When I looked at their funding information, I wonder why their most recent information is from a relatively outdated 2004 pie chart and why such a large portion of their funding comes from technology firms who benefit commercially from protections for proprietary systems. The group also seems to have a strong anti-regulatory bent, which can sound good from a free speech advocacy perspective on decency legislation like COPA but not very helpful if the market is left to decide about network neutrality issues in a time of increased media and telecommunications consolidation.

Since Virgil Griffith's Wikiscanner indicates that they are doing a lot of anonymous edits of their own page, they certainly make no secret of the fact that their director parted ways in 1994 from the more clearly civil libertarian Electronic Freedom Foundation.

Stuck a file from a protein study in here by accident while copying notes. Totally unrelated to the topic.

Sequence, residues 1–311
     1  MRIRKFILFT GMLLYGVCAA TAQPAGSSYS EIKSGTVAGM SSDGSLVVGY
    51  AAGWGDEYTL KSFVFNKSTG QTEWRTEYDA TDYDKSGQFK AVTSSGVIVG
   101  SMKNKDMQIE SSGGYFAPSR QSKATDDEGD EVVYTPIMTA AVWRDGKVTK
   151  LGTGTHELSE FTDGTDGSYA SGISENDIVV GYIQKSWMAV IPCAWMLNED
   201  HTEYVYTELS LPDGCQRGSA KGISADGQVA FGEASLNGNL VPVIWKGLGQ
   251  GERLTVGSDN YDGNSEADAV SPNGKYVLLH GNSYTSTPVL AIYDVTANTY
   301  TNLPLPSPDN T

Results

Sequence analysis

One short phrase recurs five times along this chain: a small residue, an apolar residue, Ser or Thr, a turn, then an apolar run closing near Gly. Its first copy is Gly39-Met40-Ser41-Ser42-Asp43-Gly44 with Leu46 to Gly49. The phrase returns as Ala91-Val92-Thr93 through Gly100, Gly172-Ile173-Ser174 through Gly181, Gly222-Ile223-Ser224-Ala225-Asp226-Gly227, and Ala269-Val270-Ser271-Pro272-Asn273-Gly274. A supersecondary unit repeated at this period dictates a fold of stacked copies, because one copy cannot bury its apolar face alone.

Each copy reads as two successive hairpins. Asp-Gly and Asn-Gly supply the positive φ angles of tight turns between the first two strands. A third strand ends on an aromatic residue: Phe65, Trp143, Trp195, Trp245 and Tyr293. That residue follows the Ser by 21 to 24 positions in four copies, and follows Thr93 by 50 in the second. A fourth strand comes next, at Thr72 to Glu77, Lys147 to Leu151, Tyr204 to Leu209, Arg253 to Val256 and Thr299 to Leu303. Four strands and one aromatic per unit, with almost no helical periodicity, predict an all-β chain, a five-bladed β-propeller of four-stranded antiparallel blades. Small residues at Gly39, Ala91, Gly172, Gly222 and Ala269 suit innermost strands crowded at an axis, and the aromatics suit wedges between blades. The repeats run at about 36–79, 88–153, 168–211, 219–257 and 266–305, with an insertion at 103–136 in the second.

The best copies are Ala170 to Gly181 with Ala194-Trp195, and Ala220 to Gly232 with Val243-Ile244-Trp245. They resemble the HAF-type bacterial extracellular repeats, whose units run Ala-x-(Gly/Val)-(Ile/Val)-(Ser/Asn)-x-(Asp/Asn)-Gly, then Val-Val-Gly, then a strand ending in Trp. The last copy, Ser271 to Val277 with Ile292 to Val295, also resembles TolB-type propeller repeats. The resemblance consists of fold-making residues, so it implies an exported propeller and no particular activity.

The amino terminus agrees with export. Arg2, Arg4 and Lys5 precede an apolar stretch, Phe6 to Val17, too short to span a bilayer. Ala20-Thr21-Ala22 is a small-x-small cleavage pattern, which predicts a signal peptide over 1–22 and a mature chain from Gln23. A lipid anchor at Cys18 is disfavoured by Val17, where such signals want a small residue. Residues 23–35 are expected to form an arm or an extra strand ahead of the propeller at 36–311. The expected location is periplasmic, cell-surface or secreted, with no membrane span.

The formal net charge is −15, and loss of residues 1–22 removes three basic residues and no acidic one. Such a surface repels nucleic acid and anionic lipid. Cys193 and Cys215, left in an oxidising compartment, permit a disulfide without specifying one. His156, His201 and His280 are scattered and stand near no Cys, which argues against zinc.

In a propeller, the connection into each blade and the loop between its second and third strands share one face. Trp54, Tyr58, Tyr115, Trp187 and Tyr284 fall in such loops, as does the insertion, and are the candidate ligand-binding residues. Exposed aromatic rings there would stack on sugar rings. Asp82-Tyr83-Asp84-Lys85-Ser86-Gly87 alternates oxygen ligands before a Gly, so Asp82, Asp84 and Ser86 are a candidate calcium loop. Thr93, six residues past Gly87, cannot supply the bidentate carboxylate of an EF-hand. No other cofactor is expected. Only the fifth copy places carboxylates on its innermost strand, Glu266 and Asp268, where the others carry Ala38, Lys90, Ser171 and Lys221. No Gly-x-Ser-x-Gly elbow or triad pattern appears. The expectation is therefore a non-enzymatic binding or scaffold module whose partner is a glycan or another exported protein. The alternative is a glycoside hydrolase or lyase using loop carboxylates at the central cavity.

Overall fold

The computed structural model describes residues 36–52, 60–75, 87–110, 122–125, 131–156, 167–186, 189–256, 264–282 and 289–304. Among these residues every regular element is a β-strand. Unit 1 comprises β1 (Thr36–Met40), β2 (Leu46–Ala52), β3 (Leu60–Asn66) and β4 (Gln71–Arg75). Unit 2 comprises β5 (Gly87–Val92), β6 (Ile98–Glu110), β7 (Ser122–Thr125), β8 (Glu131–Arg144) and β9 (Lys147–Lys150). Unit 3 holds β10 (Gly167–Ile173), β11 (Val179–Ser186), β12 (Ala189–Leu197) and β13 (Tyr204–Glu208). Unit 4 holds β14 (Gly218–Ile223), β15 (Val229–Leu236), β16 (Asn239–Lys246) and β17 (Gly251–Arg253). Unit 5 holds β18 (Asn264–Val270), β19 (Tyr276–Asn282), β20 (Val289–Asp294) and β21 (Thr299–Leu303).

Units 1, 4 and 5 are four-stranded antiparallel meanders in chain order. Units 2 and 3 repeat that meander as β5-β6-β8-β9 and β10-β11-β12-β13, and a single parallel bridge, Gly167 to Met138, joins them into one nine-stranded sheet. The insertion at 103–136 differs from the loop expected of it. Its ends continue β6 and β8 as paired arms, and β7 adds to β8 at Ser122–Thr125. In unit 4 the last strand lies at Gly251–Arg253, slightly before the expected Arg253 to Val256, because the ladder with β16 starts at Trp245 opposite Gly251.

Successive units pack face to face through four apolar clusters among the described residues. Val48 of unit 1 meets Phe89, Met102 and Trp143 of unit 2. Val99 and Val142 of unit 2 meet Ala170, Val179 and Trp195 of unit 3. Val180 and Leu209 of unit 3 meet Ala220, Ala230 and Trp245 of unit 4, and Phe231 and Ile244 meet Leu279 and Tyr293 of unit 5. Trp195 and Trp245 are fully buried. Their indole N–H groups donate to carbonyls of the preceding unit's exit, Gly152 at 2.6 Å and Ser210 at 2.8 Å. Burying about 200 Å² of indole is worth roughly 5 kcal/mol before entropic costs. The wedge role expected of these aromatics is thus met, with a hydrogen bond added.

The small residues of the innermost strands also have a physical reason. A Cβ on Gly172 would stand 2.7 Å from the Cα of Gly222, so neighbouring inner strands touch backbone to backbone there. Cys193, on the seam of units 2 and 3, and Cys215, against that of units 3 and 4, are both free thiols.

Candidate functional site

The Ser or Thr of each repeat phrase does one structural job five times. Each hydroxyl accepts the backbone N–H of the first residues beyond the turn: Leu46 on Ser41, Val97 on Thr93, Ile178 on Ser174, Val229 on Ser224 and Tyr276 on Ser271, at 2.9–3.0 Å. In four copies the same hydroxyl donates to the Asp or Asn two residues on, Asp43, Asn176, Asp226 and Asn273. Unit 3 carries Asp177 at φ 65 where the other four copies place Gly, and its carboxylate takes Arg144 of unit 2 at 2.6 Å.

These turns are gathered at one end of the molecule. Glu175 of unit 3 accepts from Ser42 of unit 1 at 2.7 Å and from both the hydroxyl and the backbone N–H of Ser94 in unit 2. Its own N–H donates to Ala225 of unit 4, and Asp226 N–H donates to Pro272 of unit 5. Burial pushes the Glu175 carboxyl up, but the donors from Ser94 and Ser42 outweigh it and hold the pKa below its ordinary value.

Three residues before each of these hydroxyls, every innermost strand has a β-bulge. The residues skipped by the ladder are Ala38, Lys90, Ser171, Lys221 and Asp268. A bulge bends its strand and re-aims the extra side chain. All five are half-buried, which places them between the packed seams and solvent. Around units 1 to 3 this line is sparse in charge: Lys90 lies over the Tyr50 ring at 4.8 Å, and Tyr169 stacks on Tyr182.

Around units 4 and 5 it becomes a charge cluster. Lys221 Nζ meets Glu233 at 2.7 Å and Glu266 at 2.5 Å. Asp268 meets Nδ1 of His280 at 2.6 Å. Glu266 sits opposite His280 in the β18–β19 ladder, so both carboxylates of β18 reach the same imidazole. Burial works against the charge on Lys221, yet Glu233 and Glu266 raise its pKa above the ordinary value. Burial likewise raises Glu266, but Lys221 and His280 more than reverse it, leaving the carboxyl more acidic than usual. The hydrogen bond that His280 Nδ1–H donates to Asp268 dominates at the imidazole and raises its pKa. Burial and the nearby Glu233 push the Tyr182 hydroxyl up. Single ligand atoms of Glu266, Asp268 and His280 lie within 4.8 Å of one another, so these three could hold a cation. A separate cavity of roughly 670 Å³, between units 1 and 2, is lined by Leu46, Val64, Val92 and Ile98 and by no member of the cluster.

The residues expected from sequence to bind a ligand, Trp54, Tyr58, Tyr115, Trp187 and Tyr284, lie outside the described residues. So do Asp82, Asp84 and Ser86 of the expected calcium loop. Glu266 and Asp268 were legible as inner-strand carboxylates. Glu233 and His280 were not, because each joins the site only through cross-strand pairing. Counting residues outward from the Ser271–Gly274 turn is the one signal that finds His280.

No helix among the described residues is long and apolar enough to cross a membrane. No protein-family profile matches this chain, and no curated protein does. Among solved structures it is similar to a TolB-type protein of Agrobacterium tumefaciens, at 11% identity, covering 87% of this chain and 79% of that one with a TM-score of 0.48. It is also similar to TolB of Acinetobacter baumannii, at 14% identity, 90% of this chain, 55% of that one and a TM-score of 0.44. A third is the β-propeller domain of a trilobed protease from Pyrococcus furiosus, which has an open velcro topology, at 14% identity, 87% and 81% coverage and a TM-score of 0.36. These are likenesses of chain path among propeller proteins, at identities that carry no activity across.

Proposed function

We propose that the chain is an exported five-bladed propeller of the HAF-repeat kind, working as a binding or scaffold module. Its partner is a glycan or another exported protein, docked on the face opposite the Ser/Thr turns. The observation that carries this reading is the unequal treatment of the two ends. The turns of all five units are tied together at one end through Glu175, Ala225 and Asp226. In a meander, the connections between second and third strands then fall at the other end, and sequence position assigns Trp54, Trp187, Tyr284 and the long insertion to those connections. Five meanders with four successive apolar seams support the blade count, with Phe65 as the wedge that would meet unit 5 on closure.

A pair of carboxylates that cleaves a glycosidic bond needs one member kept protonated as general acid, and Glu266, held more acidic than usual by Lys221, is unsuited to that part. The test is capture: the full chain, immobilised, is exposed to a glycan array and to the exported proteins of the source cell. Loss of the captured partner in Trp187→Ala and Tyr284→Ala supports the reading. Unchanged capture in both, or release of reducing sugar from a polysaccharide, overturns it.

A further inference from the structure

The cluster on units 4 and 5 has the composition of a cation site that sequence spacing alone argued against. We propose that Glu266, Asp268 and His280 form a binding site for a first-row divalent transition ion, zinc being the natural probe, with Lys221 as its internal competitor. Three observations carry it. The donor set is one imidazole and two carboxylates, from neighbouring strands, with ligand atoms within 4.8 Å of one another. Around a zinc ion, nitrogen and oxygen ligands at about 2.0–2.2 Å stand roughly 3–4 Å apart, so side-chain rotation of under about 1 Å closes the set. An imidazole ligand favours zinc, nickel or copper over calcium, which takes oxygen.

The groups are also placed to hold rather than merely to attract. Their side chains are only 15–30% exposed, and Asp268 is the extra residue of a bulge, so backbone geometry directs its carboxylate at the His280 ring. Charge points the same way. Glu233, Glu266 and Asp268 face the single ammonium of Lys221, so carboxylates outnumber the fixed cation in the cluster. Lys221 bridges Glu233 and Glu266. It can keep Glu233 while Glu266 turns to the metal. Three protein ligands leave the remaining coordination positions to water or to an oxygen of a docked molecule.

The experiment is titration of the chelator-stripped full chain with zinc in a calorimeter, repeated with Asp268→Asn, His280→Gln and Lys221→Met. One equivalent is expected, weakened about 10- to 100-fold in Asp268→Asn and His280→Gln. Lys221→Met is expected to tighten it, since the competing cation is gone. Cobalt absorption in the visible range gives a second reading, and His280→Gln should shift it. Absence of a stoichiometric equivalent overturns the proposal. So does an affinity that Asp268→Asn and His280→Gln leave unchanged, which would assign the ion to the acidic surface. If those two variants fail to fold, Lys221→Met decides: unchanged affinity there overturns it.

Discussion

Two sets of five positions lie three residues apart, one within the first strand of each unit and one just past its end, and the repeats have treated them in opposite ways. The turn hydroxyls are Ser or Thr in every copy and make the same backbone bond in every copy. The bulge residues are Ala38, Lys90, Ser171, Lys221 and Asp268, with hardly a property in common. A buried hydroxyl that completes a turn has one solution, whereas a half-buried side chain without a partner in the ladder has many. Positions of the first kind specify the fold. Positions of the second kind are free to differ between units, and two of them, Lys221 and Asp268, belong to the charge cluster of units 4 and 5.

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Anonymous Brock N. Meeks said...

Hi Liz,

This is Brock Meeks, I'm CDT's Director of Communications.

I'm glad you've posted about our Music Download Warning list; however, I'm confused when you write:... I don't know quite what to make of their repetition of the word "reasonable" with regard to the merging of hardware and software in certain kinds of architectures of control.

Where are you reading the word "reasonable"? I can't find it in connection with this announcement.

We are, indeed, a consumer group. Located in Washington, DC, we are in the middle of most issues were government and technology intersect.

We push for "user empowerment" when it comes to issues such as online privacy, meaning users should be given the means and notice to make informed decisions about what happens to their personal information.

We are defenders of free and open speech when it comes to online content.

We have one of the best known anti-spyware projects around.

As for our funding, you are quite right to question why we only have an outdated 2004 pie chart (actually, our non-profit income tax returns, known as "990s" are online, but those aren't up to date, either). As the new Director of Communications (I started Nov. 1st) this is something I want to get corrected.